Defense Officials say U.S. Plans to Send Abrams to Ukraine

Defense Officials say U.S. Plans to Send Abrams to Ukraine

NATO is preparing a long term lethal aid package of advanced and modernized main battle tanks for use in Ukraine, of which may be the M1 Abrams.

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According to unnamed sources familiar with the situation, the United States is finalizing it’s plans to send the iconic M1 Abrams main battle tank to Ukraine. Originally, the United States was not keen on sending tanks to Ukraine but according to the sources, an official announcement is expected as soon as this week.

With major issues being attached to this plan, such as how long training would take on the Abrams and how Ukraine will be able to maintain such a complicated piece of frontline equipment, many speculate this announcement could be an attempt to strong arm Germany into sending its Leopard IIs which it has been resistant to allow without the U.S. agreeing to send it’s own tanks. Already Poland and several other nations have agreed to send their export versions of the Leopard II main battle tank but seeing as Germany holds the original contract rights, they have been unable to without permission.

NATO defense officials met in Germany last Friday to persuade the Germans to provide the approval for Leopard II deployments to Ukraine. Though the talks were unsuccessful, the German Defense Minister Boris Pistorius seemed to soften on the topic, saying “We are preparing our decision which will come very soon.”

However, officials have noted it could take months to years before the Abrams is ready for use in Ukraine and Ukrainian soldiers are properly trained. It is also not clear how many tanks would be approved or which version of the Abrams will be sent.

The tanks are said to be apart of a new package of the Ukraine Security Assistance Initiative, to provide longer range funding for equipment to be purchased from commercial vendors. This program is to help establish long term military support for the Ukrainians to buy and maintain their own gear, as opposed to the immediate assistance previously given from the stockpiles of nation’s armories. The Abrams is seemingly apart of this package, as U.S. officials do not believe the Abram’s complexity to be able to be an immediate solution to Ukraine’s defense, even as critics site the possibility of a major upcoming Russian offensive during the spring. Ukraine’s President Volodomyr Zelensky has said himself that the nation needs modern tanks to handle this potential Russian attack.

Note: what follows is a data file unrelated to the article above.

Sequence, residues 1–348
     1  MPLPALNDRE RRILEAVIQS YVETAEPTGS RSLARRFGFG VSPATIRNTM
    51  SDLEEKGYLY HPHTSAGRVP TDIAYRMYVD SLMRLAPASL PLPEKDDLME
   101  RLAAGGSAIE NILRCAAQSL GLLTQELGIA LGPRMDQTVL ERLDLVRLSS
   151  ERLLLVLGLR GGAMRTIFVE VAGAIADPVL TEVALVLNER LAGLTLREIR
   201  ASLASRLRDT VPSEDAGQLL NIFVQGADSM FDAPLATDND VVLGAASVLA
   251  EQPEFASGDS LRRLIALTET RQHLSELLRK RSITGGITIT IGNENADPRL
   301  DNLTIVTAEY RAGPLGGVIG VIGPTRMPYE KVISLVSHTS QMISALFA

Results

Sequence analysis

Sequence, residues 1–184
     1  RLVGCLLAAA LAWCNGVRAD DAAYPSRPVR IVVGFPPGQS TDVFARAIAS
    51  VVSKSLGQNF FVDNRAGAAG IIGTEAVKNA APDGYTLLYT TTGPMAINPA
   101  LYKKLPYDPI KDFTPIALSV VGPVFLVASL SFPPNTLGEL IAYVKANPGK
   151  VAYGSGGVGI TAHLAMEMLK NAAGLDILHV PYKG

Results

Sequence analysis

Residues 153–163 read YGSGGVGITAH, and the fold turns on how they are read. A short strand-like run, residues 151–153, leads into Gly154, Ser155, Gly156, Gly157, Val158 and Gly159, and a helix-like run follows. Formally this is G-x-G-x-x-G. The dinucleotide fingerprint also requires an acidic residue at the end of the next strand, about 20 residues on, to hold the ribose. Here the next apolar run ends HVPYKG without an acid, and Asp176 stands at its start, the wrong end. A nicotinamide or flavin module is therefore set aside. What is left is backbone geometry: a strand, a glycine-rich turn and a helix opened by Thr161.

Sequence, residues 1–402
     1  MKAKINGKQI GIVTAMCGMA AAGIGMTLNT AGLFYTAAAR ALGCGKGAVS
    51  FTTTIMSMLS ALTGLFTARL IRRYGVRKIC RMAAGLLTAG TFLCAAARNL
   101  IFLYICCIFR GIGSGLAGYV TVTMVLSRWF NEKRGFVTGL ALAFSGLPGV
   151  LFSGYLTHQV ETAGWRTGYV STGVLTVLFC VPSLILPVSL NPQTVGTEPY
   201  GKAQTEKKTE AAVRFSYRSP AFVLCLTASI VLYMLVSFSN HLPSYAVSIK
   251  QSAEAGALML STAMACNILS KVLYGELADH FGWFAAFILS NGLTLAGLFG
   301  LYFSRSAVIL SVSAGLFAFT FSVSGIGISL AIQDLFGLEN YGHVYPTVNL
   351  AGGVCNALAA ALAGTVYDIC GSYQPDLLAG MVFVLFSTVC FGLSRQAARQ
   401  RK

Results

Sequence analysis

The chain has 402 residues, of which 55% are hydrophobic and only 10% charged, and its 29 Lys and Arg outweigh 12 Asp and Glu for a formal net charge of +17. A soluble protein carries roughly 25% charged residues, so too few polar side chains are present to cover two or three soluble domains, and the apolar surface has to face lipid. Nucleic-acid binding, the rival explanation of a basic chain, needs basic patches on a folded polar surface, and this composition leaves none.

It is also expected that Germany will announce it’s approval of Poland sending their Leopard II tanks to Ukraine sometime this week, coinciding with the American announcement. In addition, the United Kingdom has promised 12 of it’s formidable Challenger II tanks to Ukraine. It should also be noted that the Abrams tanks may not come from the United States itself, but potentially from an allied country such as Poland, who recently purchased the M1a2 SEPv3, the latest Abrams upgrade, to refurbish it’s aging tank fleet.

Modern Western tanks, especially the Abrams, have already proved their metal against Russian made T-72s during the wars in Iraq. Though Russian T-72s have been highly upgraded compared to the Iraqi versions, the Abrams, Leopard, and Challenger still outclass most Russian armor, with the exception of possibly the T-90. However, as seen by the Saudi war in Yemen, these modern tanks are still very susceptible to Anti-Tank Guided Missiles, such as the Russian Kornet and Metis systems used in Ukraine. For many experts, these NATO tanks being deployed to frontline use in Ukraine is an important test to see how they will fare against the formidable foe they were originally created to go head to head with.

Joshua Paulo
Joshua Paulo
Combining a Criminal Justice and International Relations background, Josh boasts years of experience in various forms of analysis and freelance journalism. He currently spearheads a team of professionals committed to delivering unbiased reporting to provide the public and private sector with accurate and insightful information. Josh serves as Atlas's Director of News.
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